My love affair with Taika Waititi movies began with Thor: Ragnarok. Yes, I’m a nerd and I’ve seen all the movies in the Marvel Cinematic Universe, but it’s no secret that the third Thor outing was as great as it was because of the style that Waititi imparted. The New Zealander’s dry wit was something not many in the US had seen. Craving more of his work, I watched Hunt for the Wilderpeople and What We Do in the Shadows, both of which were hilarious yet simultaneously warm. So on a whim one night, I decided to partake in one of the director’s early works, named simply Boy.
The opening scenes are delightful and introduce us to the titular character, Boy (James Rolleston), and his world. He loves Michael Jackson. He lives with his grandmother, his brother Rocky (Te Aho Aho Eketone-Whitu), and several cousins. When his grandmother leaves to go to a funeral, she puts the 11-year-old in charge of the house and kids as he is the oldest. Everything seems fine until his estranged father, Alamein (Waititi), arrives unexpectedly saying he’s there to take care of them. For me, this is when the movie stopped being cute and funny.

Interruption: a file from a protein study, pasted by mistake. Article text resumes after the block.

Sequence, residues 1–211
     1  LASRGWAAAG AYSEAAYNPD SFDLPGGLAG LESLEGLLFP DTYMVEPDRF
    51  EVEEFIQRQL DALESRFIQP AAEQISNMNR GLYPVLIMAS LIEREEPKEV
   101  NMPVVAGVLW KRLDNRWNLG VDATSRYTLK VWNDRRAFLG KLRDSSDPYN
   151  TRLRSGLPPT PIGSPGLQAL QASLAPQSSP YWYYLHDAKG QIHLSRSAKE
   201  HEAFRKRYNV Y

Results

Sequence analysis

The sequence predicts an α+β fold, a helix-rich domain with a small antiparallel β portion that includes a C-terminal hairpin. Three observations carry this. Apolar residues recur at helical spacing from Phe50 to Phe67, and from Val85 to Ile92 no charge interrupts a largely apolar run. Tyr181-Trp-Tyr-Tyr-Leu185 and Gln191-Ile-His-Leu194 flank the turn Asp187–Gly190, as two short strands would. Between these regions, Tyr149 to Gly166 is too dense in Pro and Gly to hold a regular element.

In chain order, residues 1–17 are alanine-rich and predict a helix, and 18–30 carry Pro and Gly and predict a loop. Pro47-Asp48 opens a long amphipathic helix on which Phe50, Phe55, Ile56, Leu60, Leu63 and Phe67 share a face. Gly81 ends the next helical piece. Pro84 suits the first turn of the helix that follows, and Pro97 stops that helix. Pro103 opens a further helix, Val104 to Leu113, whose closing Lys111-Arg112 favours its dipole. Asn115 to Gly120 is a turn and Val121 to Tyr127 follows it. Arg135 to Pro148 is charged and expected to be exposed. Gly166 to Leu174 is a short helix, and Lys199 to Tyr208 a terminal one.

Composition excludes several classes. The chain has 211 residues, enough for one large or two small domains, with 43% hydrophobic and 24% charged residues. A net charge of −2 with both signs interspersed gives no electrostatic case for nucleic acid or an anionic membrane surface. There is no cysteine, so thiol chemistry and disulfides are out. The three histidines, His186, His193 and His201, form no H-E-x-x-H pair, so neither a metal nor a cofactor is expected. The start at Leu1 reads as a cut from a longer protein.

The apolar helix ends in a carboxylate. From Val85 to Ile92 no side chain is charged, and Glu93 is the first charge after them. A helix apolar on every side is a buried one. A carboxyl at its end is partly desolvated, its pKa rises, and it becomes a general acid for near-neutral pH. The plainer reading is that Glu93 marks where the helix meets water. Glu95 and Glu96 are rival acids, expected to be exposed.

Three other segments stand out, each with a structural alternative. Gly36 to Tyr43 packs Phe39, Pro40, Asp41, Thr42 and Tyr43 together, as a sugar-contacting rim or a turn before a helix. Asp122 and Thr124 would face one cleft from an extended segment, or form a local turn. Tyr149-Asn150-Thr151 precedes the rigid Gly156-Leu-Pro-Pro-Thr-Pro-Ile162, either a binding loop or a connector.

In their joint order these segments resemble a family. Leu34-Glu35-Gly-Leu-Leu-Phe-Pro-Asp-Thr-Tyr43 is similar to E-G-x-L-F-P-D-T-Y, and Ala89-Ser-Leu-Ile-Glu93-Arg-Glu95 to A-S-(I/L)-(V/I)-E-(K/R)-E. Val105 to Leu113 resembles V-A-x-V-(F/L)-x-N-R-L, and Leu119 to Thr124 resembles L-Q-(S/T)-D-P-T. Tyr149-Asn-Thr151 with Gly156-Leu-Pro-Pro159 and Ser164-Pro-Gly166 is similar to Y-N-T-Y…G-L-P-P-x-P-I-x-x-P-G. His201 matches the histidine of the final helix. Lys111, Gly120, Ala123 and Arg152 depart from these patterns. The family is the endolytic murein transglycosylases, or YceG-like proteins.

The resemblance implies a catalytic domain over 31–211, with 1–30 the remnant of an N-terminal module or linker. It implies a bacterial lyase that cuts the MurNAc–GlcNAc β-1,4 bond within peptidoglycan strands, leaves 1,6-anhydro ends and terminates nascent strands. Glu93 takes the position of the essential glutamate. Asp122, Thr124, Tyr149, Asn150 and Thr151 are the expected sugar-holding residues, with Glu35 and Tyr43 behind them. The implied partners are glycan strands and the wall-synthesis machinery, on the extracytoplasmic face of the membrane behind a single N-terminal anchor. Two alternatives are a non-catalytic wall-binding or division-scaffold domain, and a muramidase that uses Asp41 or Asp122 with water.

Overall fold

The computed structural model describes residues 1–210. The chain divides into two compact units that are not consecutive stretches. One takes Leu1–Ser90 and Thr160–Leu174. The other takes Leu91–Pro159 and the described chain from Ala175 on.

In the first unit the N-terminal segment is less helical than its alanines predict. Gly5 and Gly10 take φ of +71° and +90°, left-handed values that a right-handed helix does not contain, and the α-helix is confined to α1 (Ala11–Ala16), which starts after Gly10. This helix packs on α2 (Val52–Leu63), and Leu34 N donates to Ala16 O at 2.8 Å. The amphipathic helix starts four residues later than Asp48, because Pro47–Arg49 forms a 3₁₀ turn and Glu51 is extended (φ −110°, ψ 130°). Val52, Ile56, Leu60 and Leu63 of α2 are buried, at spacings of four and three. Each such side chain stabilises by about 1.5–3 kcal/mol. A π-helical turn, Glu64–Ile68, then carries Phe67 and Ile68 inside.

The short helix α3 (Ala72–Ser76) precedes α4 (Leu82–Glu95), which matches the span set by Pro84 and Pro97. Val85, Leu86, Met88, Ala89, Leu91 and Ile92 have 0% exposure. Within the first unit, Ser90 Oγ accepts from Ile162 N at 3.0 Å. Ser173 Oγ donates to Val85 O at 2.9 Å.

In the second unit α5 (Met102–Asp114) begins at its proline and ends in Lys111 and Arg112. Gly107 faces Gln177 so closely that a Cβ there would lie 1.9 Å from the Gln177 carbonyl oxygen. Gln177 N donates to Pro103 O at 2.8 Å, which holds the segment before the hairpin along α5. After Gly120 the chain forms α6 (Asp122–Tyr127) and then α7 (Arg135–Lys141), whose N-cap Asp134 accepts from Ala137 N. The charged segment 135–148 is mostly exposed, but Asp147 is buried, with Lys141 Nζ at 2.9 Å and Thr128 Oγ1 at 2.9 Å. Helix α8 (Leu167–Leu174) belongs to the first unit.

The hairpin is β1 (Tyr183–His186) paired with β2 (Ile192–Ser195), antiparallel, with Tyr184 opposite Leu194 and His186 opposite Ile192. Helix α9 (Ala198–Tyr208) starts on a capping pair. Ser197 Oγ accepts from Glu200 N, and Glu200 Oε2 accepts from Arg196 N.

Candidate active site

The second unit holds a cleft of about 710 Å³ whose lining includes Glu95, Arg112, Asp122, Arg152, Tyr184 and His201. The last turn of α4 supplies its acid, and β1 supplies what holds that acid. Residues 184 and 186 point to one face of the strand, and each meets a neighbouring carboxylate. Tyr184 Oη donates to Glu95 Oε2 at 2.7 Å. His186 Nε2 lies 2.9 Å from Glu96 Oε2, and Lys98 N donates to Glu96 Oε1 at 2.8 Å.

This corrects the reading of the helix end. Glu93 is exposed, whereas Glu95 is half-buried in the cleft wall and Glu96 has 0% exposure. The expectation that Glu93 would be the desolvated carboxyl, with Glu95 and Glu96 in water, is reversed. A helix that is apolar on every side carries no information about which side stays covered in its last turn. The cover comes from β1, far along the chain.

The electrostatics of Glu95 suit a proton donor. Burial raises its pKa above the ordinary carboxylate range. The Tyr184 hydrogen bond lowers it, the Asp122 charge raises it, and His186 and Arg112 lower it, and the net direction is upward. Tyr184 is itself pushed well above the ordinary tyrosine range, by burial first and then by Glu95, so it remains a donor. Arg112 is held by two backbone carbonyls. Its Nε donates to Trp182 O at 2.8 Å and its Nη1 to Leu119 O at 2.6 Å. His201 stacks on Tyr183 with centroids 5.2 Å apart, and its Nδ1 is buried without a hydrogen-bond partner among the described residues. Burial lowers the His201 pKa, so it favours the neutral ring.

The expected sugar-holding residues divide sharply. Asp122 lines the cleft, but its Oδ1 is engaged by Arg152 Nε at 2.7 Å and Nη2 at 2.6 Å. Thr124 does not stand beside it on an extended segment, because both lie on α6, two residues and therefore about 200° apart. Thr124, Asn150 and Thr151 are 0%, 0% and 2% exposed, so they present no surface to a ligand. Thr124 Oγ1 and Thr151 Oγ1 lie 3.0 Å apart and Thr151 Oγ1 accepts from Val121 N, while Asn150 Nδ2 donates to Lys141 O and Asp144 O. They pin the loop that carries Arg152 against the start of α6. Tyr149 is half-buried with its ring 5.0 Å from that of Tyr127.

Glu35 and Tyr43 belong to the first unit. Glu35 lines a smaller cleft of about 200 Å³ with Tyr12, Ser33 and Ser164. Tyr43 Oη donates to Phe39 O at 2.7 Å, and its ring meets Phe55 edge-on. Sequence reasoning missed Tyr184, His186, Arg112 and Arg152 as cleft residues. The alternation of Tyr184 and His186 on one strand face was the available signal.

In truth, Boy’s father has only come to dig up a bag of cash he buried in the yard several years prior. He is a deadbeat and complete asshole to all the children, including Boy, which makes his older son think that it’s okay for him to be an asshole, too. Both characters begin to alienate everyone around them while trying to show off how cool they are. The only person who seems to have any sense and can see through it all is the introverted Rocky. I wanted to sympathize for Boy because his situation sucked and he was only trying to make the best out of a bad situation, but how can you root for a character you don’t like? The small glimmer of promise came from Rocky who is so cute with his little drawings and thinking he has superpowers, I wish he would have been the main character.
There are a few messages to glean from this movie about neglecting your kids and being mean to them, how they can then replicate that in their own lives. The acting is great from the young upstarts in particular, and the overall production stands as proof that big budgets aren’t a necessity. However, when a movie leans into a goofy premise within the first 10 minutes, you tend to expect that it is more of a comedy. The fact that it doesn’t follow through on that will leave viewers feeling lost on how to react and wondering if the writer/director just lost steam. One might be willing to forgive Boy for being a genre-bender, but I tend to think it was just poorly written, especially considering this was only Waititi’s second movie. Thus, like all good love affairs, this one has ended.